HIV-related medical service use by rural/urban residents: A multistate perspective

Lucy E. Wilson, Todd Korthuis, John A. Fleishman, Richard Conviser, Perrin B. Lawrence, Richard D Moore, Kelly Gebo

Research output: Contribution to journalArticle

Abstract

Objective: Geographic location may be related to the receipt of quality HIV health care services. Clinical outcomes and health care utilization were evaluated in rural, urban, and peri-urban patients seen at high-volume US urban-based HIV care sites. Methods: Zip codes for 8773 HIV patients followed in 2005 at seven HIV Research Network sites were categorized as rural (population <10,000), peri-urban (10,000-100,000), and urban ( > 100,000). Clinical and demographic characteristics, inpatient and outpatient (OP) utilization, AIDS-defining illness rates, receipt of highly active antiretroviral therapy (HAART), opportunistic infection (OI) prophylaxis usage, and virologic suppression were compared among patients, using χ2 tests for categorical variables, t-tests for means, and logistic regression for HAART utilization. Results: HIV-infected rural (n=170) and peri-urban (n=215) patients were less likely to be Black or Hispanic than urban HIV patients. Peri-urban subjects were more likely to report MSM as their HIV risk factor than rural or urban subjects. Age, gender, CD4 or HIV-RNA distribution, virologic suppression, HAART usage, or OI prophylaxis did not differ by geographic location. In multivariate analysis, rural and peri-urban patients were less likely to have four or more annual outpatient visits than urban patients. Rural patients were less likely to receive HAART if they were Black. Overall, geographic location (as defined by home zip code) did not affect receipt of HAART or OI prophylaxis. Conclusion: Although demographic and health care utilization differences were seen among rural, peri-urban, and urban HIV patients, most HIV outcomes and medication use were comparable across geographic areas. As with HIV care for urban-dwelling patients, areas for improvement for non-urban HIV patients include access to HAART among minorities and injection drug users.

Original languageEnglish (US)
Pages (from-to)971-979
Number of pages9
JournalAIDS Care - Psychological and Socio-Medical Aspects of AIDS/HIV
Volume23
Issue number8
DOIs
StatePublished - Aug 2011

Fingerprint

medical service
HIV
resident
prophylaxis
Highly Active Antiretroviral Therapy
utilization
suppression
Geographic Locations
Opportunistic Infections
Patient Acceptance of Health Care
health care
rural population
health care services
multivariate analysis
AIDS
medication
Outpatients
illness
logistics
Demography

Keywords

  • highly active antiretroviral therapy (HAART)
  • HIV Research Network
  • HIV/AIDS care
  • outcomes
  • quality of care
  • rural

ASJC Scopus subject areas

  • Public Health, Environmental and Occupational Health
  • Health(social science)
  • Social Psychology

Cite this

HIV-related medical service use by rural/urban residents : A multistate perspective. / Wilson, Lucy E.; Korthuis, Todd; Fleishman, John A.; Conviser, Richard; Lawrence, Perrin B.; Moore, Richard D; Gebo, Kelly.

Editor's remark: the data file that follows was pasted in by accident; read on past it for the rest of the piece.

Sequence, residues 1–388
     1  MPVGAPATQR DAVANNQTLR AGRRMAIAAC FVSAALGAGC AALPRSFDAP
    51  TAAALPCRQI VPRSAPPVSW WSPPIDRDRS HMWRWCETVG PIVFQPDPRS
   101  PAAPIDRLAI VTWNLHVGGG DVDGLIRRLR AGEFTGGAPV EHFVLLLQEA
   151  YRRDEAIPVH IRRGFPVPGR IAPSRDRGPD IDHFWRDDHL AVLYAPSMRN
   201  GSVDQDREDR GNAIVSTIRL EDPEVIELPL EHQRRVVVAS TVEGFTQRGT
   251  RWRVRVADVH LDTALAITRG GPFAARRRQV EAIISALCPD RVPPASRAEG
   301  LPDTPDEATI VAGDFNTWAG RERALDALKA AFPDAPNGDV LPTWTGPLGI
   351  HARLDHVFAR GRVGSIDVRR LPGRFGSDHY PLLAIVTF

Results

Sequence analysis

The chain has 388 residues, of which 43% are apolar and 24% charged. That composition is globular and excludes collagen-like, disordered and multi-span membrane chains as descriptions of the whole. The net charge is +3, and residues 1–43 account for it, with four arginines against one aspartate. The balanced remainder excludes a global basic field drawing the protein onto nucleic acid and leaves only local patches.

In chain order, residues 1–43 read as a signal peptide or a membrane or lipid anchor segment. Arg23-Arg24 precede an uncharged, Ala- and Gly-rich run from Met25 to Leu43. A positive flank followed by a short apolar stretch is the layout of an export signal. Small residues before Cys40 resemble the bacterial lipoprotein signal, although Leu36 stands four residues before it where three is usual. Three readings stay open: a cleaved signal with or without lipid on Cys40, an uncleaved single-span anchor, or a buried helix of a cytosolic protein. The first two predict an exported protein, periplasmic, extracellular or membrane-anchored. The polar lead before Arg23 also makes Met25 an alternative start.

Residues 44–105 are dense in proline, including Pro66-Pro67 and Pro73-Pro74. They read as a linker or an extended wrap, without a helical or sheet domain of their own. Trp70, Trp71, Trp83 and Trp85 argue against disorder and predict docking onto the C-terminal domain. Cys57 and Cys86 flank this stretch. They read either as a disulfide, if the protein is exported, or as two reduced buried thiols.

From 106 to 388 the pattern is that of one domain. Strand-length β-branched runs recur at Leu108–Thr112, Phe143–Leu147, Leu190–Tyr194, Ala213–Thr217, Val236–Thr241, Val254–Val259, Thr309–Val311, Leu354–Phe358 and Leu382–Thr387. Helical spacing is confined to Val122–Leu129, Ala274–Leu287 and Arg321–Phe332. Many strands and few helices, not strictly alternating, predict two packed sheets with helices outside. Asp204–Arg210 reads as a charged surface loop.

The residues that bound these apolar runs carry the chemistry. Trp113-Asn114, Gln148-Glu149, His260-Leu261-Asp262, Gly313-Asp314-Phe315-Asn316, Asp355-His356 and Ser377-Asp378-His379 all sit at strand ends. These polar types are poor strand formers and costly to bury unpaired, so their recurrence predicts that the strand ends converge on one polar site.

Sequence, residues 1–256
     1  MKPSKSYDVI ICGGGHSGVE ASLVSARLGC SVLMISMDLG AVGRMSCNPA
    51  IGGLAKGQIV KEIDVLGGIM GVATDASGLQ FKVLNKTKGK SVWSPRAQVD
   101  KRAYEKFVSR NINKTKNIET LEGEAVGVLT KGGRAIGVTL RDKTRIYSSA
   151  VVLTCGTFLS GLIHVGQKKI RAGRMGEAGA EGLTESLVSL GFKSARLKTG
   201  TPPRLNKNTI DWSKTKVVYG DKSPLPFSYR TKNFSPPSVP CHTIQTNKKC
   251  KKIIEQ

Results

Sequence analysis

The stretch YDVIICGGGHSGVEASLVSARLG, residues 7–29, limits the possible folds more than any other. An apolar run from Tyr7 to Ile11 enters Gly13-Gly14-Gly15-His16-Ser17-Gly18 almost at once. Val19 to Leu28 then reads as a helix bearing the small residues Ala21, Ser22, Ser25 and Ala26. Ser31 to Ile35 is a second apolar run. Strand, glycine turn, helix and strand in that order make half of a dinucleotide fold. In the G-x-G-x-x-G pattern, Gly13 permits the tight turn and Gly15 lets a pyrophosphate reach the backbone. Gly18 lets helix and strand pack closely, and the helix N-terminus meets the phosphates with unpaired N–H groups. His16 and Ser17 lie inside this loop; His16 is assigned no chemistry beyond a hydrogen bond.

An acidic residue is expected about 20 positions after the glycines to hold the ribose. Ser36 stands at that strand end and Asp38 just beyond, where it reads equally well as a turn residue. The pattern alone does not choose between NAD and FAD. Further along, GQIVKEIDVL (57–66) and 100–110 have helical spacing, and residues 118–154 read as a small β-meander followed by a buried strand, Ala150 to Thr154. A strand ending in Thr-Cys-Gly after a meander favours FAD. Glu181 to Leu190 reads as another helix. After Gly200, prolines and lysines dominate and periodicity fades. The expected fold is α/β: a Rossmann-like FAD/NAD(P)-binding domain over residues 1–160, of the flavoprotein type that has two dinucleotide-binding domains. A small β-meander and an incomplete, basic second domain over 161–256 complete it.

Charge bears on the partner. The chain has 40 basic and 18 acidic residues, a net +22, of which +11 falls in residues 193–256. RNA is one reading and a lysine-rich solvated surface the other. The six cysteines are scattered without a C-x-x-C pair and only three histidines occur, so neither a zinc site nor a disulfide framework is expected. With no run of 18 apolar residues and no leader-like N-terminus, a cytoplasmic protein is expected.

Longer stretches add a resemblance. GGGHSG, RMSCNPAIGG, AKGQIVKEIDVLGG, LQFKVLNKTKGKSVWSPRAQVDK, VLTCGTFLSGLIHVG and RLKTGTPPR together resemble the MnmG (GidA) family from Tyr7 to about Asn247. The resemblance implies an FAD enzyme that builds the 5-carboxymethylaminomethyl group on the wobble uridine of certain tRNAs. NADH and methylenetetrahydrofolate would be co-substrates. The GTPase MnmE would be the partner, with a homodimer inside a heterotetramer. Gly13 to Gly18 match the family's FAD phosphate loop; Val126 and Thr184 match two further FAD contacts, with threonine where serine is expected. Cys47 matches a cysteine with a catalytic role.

In: AIDS Care - Psychological and Socio-Medical Aspects of AIDS/HIV, Vol. 23, No. 8, 08.2011, p. 971-979.

Research output: Contribution to journalArticle

Wilson, Lucy E. ; Korthuis, Todd ; Fleishman, John A. ; Conviser, Richard ; Lawrence, Perrin B. ; Moore, Richard D ; Gebo, Kelly. / HIV-related medical service use by rural/urban residents : A multistate perspective. In: AIDS Care - Psychological and Socio-Medical Aspects of AIDS/HIV. 2011 ; Vol. 23, No. 8. pp. 971-979.
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abstract = "Objective: Geographic location may be related to the receipt of quality HIV health care services. Clinical outcomes and health care utilization were evaluated in rural, urban, and peri-urban patients seen at high-volume US urban-based HIV care sites. Methods: Zip codes for 8773 HIV patients followed in 2005 at seven HIV Research Network sites were categorized as rural (population <10,000), peri-urban (10,000-100,000), and urban ( > 100,000). Clinical and demographic characteristics, inpatient and outpatient (OP) utilization, AIDS-defining illness rates, receipt of highly active antiretroviral therapy (HAART), opportunistic infection (OI) prophylaxis usage, and virologic suppression were compared among patients, using χ2 tests for categorical variables, t-tests for means, and logistic regression for HAART utilization. Results: HIV-infected rural (n=170) and peri-urban (n=215) patients were less likely to be Black or Hispanic than urban HIV patients. Peri-urban subjects were more likely to report MSM as their HIV risk factor than rural or urban subjects. Age, gender, CD4 or HIV-RNA distribution, virologic suppression, HAART usage, or OI prophylaxis did not differ by geographic location. In multivariate analysis, rural and peri-urban patients were less likely to have four or more annual outpatient visits than urban patients. Rural patients were less likely to receive HAART if they were Black. Overall, geographic location (as defined by home zip code) did not affect receipt of HAART or OI prophylaxis. Conclusion: Although demographic and health care utilization differences were seen among rural, peri-urban, and urban HIV patients, most HIV outcomes and medication use were comparable across geographic areas. As with HIV care for urban-dwelling patients, areas for improvement for non-urban HIV patients include access to HAART among minorities and injection drug users.",
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